People and animals usually contract Lyme disease between April and November when deer ticks are active. May through July is the highest risk period because tick nymphs are abundant and active. Most people contract Lyme disease from nymphs because they are about the size of a pin head and easily overlooked. Wear light clothing in the woods. Tuck pant legs into your socks. Use insect repellent.

Symptoms of Lyme disease typically begin with a characteristic red zone around the site of the tick bite within three to 30 days of being bitten by an infected tick. It sometimes forms a ring-shaped bull’s eye. Fatigue, fever, headaches, stiffness, and muscle and joint pain are common symptoms of Lyme disease. If left untreated, the rash may disappear, and dizziness, irregular heartbeat, arthritis, and nervous system disorders can develop. Dogs, horses and cattle also suffer joint swelling and achiness caused by Lyme disease.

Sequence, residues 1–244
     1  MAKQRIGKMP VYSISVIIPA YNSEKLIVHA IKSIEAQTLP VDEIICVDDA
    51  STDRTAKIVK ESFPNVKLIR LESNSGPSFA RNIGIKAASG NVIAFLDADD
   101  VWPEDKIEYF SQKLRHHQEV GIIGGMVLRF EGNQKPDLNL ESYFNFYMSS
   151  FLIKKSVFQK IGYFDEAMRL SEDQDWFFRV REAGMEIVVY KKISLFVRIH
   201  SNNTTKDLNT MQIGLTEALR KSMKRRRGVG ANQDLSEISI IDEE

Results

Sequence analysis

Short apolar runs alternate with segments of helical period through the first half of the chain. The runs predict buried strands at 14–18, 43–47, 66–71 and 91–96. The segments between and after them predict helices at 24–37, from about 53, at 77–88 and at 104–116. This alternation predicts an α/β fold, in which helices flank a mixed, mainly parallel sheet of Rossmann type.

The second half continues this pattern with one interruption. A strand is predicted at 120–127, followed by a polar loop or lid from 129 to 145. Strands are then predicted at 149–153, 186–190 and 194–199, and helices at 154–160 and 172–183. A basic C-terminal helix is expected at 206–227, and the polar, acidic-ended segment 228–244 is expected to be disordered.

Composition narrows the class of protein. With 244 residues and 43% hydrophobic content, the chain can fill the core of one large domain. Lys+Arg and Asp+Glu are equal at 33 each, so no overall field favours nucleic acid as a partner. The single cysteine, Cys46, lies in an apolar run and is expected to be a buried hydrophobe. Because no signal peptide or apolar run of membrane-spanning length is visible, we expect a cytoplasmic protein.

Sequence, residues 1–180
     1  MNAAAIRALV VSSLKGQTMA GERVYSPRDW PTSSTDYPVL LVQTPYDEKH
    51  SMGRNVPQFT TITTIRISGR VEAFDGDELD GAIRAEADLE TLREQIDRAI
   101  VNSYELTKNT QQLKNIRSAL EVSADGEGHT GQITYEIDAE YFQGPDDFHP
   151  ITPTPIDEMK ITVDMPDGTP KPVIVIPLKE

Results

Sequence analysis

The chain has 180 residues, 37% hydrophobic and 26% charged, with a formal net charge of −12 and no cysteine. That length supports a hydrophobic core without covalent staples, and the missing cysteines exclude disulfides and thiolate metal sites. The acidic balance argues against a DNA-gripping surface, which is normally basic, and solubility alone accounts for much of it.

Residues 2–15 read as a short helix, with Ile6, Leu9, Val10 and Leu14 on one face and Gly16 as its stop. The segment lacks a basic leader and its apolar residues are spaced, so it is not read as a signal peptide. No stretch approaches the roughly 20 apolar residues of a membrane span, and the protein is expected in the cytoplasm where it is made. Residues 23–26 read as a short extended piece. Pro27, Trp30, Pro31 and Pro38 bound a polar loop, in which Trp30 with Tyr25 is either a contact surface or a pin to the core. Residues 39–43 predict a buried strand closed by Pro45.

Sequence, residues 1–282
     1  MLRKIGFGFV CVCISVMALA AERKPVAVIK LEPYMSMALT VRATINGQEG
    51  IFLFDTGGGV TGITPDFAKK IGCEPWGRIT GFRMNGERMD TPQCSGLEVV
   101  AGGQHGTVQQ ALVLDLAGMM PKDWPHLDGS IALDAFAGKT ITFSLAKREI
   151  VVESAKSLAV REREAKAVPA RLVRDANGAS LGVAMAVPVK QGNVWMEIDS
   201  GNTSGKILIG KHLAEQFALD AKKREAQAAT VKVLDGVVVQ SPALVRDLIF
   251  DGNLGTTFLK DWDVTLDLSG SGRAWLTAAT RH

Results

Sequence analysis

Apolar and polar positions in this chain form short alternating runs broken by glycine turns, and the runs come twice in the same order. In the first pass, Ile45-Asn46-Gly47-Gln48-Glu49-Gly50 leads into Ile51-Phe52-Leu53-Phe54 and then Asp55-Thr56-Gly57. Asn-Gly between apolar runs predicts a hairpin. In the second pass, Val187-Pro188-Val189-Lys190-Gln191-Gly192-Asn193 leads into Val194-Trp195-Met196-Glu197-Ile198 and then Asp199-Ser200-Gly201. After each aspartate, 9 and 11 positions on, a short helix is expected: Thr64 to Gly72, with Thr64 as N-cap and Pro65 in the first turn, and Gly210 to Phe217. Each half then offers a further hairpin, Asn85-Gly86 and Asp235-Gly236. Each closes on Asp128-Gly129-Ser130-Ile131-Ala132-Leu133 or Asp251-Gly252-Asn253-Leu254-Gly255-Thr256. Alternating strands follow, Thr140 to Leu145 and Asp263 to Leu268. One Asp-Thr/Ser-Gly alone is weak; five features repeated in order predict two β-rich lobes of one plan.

An infected nymph can usually transmit the disease in two days or more; adult ticks can take longer to transmit the spirochete. White-footed mice are the main reservoir for the spirochete. Treatment is usually successful with the use of antibiotics, especially if Lyme disease is detected in the early stages. Maine Medical Center’s Vector-borne Disease Lab educates physicians about Lyme disease in areas where the disease is making inroads. Doctors in York, Cumberland and Sagadahoc counties have seen Lyme disease cases longer than those who treat patients farther east and north.